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Saturday, April 24, 2004

WHEN EAST MARRIES WEST

When L's and R's go mad


Having spent much of my life perplexed by Japan, I admit to a little "payback" delight whenever I catch Japan perplexed by the West. It seems it doesn't happen so often.

Of course we Westerners are not without a few unfathomable mysteries of our own. For example, how come Clark Kent can disguise himself with only eyewear? Or how did George W. Bush ever graduate from Yale? And so on. Yet, when it comes to enigmas, the West generally falls far behind the East.

But we do have a special conundrum that never fails to baffle the typical Japanese on the street. So it's time to tip the hat to that one peculiar puzzle that forever strives to shore up the gap in East-West bewilderment. From the Japanese point of view, it is simply this:

What's the difference between an "L" and an "R?"

Clinically, these two sounds aren't exactly cousins. Go ahead: Make an initial L and an R and pay attention to what your lips and tongue do. If you do it right, the first will "smile and push" while the second will "pucker and draw." Muddling the two is like mistaking koalas for grizzlies. Still, many a Japanese English speaker will do just that.

This is because the Japanese language itself has no such critters. Instead, Japanese has a "sort of/ kind of" intermediate sound that novice linguists will call a "flap r." More experienced linguists, however, will avoid such indistinct terminology and quickly turn the conversation to a more verifiable truth. Perhaps with a statement like: "Look everyone! I can lick my nose!"

Not all Japanese struggle with L's and R's, and my wife is a good example. She misses those sounds about as often as she misses a bowl of lice at mealtime. Or so she says.

Thus, the following staged dialogue is not with my wife, but -- let's say -- an old acquaintance. I have no intentions here of mocking local pronunciation of English, for in fact my own Japanese flub-ups are so numerous they could fill an entire book. (And have! See "Japanese Made Funny," published by The East in 2001.) Yet, I also find an Abbot and Costello look at Japanese L's and R's quite irresistible. So suspend disbelief and see what might happen when L's and R's go mad:

My friend and I are trading small talk at a restaurant. I start the show by asking about his daughter.

"Oh she's glowing all the time. People say: 'Hey, what are you feeding her? She won't stop glowing!' So now she's shy and tends to stay indoors."

"Gosh. Is she OK?"

"I think so. These days she's shown an interest in the frute."

"The fruit? Which one?"

He squints. "There's more than one?"

"Uh . . . yeah. There are oodles and oodles of fruits."

"I didn't know that. Hers is sort of right and rong. What kind is that?"

Right and wrong? I am tempted to say "durian," but before I do he cuts me off.

"Anyway, she prays and prays."

"Really? She's religious then?"

That surprises him. He leans back. "About her frute -- yes."

Hmm. A daughter that glows and prays to a weird fruit -- I begin to fear for him. I ask about his wife.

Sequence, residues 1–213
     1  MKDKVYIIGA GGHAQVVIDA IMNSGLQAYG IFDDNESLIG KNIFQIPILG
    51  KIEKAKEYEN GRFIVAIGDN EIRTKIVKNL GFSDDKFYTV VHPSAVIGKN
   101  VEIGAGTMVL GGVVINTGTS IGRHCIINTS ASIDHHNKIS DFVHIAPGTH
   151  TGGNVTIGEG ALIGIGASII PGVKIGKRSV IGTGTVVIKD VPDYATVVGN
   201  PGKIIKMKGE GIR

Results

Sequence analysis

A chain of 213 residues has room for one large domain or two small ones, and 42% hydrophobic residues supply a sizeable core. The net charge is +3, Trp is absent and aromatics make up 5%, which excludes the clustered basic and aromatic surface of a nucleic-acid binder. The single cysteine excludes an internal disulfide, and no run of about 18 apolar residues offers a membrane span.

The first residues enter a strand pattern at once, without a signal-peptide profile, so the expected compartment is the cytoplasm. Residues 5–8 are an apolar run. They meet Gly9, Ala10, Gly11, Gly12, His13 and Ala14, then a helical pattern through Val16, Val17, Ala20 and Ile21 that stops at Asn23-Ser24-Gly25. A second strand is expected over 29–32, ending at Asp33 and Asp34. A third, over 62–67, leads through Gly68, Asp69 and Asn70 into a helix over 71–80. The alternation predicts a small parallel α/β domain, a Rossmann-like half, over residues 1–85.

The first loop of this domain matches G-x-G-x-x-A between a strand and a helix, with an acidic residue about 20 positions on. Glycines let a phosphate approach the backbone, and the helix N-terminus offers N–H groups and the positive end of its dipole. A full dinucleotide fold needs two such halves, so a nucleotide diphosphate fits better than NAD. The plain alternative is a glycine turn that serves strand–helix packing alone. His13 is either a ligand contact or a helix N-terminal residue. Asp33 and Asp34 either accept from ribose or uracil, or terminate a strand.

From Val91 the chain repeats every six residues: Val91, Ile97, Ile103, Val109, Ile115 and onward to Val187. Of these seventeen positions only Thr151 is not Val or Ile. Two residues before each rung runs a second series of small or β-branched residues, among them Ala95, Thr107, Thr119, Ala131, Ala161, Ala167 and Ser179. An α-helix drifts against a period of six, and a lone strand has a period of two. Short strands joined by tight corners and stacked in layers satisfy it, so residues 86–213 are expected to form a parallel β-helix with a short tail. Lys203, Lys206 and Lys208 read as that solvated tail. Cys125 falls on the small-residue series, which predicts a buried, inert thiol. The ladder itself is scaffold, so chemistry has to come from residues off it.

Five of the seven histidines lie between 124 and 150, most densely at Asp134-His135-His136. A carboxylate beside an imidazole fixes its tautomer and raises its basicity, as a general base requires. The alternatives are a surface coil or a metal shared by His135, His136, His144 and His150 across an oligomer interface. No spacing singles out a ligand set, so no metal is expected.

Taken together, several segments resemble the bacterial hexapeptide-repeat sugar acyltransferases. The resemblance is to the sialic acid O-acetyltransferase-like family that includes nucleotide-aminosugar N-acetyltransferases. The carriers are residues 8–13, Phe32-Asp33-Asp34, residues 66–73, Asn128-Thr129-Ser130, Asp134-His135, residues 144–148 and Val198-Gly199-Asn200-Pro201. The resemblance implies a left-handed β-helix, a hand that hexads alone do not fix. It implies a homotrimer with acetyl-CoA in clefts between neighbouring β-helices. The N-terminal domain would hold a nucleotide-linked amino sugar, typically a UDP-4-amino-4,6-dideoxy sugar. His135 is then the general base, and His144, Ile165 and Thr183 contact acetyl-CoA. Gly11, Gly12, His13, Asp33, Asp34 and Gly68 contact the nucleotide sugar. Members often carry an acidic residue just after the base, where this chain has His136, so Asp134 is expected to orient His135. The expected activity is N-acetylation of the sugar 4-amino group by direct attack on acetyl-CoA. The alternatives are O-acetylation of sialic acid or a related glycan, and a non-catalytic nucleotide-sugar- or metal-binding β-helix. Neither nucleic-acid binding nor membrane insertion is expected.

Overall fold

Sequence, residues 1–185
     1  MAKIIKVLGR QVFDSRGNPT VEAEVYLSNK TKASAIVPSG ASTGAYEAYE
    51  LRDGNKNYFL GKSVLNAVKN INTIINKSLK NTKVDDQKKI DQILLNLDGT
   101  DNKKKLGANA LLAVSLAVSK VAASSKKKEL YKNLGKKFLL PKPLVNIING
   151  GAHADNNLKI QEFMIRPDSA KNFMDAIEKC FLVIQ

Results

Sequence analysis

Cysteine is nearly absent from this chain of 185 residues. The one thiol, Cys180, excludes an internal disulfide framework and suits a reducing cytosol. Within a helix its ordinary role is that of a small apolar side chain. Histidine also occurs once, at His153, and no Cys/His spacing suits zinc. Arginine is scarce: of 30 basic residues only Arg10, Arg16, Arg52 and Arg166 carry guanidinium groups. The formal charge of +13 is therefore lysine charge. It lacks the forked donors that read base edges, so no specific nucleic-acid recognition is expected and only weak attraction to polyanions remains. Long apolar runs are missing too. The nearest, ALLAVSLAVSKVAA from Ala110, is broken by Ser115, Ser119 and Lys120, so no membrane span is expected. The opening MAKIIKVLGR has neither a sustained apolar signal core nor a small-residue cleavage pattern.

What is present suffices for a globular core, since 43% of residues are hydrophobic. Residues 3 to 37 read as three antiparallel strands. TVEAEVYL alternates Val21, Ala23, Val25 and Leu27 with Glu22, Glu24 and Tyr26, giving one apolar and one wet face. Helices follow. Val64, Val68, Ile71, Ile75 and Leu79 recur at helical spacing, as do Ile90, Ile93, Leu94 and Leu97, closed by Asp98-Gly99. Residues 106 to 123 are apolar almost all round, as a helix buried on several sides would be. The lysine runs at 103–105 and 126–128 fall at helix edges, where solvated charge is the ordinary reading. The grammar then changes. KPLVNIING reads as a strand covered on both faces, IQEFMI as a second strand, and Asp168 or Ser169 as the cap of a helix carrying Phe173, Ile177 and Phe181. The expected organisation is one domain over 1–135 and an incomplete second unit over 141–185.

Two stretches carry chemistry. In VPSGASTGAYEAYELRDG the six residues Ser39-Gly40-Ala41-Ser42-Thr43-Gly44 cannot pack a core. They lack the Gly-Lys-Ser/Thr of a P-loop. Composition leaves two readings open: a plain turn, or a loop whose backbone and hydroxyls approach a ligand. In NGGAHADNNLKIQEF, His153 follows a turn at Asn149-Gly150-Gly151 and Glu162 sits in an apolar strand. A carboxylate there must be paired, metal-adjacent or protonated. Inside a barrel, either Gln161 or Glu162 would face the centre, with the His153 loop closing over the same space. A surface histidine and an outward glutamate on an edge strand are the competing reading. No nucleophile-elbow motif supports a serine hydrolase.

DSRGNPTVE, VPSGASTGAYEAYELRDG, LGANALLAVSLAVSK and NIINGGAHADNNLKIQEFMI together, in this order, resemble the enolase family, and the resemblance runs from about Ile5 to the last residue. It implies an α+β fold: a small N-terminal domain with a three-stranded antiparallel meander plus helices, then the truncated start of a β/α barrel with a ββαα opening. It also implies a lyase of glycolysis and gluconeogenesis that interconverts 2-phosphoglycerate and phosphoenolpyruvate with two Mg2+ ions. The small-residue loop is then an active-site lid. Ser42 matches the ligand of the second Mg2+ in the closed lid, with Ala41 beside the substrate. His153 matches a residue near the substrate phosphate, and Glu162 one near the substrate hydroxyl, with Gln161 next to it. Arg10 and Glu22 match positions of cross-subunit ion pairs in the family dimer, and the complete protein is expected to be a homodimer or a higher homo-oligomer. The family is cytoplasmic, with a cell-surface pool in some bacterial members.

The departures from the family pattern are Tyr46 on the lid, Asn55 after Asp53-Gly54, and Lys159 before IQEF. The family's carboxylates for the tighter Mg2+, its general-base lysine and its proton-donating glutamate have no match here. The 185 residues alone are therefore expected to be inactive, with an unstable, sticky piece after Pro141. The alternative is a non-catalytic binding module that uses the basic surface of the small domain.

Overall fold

"It's been a hard year for her. She's been busy and then she had a health concern."

"Oh? What happened? Has she been sick?"

"No. She had a rump on her head."

I pause. "She had a what?"

"A rump. On her head. It came out of nowhere. She could cover it with her hair so no one could see, but she was still upset."

"I can imagine."

"You know, sometimes a rump can get bigger and bigger."

"I've noticed that."

"So she went to the doctor, but he said it was nothing serious. And then he cut it off."

I make a face. "That must have been painful."

"Not so bad. He used a raser."

A razor? I keep the same face.

"But the rump is gone and my wife is happy. Yet there were some side effects. For example, sometimes she would start to breed on her way to work. It was quite embarrassing."

I am not sure how to respond.

"But now she's fine."

I had forgotten her job and have to ask. His answer:

"She teaches at a clam school."

I imagine it's some sort of fishery. I ask what she teaches.

"Ancient Chinese liting. It's a difficult subject, but she makes it fun."

Ancient Chinese lighting? To fetch clams? I am eager to learn more when he calls for the check.

"I have to go. But it's been nice to talk with a native speaker. I find when I don't, I get so lusty."

I had been about to join him, but now decide that maybe I should stay.

"Sure. You sit here and have dessert -- on me. The specialty here is flesh pie. Whenever I taste it, I feel I should face the kitchen and crap."

I swallow and tell him I think I'll pass.

"But you didn't eat much. How about a sandwich? It comes with flies."

"No thanks. I'm not that hungry."

"OK, but why don't you come out to the house some time? We've got a wonderful view of a tiny liver. I could sit and watch it all day."

Right. While his glowing daughter prays to her fruit and his clam-school wife hides her rump scars.

"Yeah," I tell him. "I'd like nothing more."

Every story -- even a lame one -- needs a moral, and this one ends with wise words gleaned from a well-worn public service announcement from old FEN radio:

With only a gentle twist, it seems a rittle ranguage really can go . . . a rong way.

To contact Thomas Dillon, send e-mail to marriedtojapan@yahoo.com


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